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Eaton Wins Grant to Develop Microgrid for U.S. Army


2/18/2011 10:24 AM

Eaton Corporation announced that it will receive a $2.4 million federal stimulus grant to develop a microgrid to help military bases better manage power and storage while reducing their carbon footprints. The project is intended to achieve an uninterrupted power supply, independent of commercial utility power, for critical mission and support functions on military bases. It will also help to reduce energy consumption and greenhouse gas emissions.

The first year of the 18-month project, administered through the U.S. Army Engineer Research and Development Center’s Construction Engineering Research Laboratory (CERL), will focus on research and development activities at Georgia Tech University, the University of Wisconsin, and Eaton’s Innovation Centers in Pittsburgh and Milwaukee. Eaton and the university research teams will demonstrate how the new system can operate independent of a civilian grid while balancing the use of solar, wind, and natural gas backup power, and storing energy for future needs. The final six months of the project will focus on research and development activities and a demonstration project at Fort Sill, Oklahoma.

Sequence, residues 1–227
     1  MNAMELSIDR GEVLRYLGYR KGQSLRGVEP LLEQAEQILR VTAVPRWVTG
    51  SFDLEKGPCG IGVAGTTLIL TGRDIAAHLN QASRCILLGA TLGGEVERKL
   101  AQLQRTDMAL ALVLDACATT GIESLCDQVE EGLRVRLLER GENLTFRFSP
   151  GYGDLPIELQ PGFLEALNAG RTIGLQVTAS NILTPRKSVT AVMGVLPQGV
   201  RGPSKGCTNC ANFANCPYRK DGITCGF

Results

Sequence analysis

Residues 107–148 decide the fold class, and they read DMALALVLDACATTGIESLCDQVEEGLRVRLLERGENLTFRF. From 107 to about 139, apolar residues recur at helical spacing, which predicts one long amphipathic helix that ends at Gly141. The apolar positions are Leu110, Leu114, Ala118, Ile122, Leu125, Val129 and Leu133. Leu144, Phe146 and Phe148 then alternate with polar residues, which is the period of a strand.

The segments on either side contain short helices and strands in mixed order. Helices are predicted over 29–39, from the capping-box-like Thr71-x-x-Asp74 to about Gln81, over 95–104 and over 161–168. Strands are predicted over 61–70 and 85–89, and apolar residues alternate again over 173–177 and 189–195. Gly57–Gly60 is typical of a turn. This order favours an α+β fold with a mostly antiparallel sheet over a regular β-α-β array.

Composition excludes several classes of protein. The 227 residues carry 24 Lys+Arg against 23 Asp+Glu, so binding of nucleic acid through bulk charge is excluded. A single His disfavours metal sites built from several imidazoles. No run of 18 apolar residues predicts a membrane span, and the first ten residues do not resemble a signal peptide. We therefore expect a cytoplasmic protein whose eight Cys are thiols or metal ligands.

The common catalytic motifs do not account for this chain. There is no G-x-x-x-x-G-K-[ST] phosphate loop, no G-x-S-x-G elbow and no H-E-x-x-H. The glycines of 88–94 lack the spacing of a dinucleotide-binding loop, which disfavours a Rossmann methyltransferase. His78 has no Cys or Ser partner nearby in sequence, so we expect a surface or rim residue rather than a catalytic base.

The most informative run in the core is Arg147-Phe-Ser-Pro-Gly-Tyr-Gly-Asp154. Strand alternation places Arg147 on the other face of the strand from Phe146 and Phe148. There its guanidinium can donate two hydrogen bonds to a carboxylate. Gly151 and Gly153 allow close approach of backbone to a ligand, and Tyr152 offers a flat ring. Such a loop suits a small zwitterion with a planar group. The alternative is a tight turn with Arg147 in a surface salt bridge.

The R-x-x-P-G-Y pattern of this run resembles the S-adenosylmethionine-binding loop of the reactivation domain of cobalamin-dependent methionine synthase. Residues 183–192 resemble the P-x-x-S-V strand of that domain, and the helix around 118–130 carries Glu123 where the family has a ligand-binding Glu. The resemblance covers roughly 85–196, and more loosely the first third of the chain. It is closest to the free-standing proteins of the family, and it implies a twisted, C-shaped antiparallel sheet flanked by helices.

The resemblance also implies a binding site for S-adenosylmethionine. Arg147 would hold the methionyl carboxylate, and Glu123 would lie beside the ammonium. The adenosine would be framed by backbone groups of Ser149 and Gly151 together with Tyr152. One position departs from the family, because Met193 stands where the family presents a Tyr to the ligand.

“Eaton is proud of our selection as the only commercial partner for this effort to help the Army increase its energy efficiency and lower its carbon footprint,” said Jerry R. Whitaker, president, Eaton’s Electrical Sector, Americas Region. “As a global power management leader, we are well positioned to assist major government and institutional customers with similar initiatives.”

The CERL project will apply to civilian and other government applications and is part of the U.S. Army’s Net-Zero Energy initiative that promotes the construction and modification of buildings or installations that create as much energy as they consume.

According to the 2009 Defense Department Appropriations Act, U.S. military installations consumed 3.8 billion kilowatt-hours of electricity in 2008, enough to power 350,000 households, and spent $4.1 billion on energy and fuel.

 

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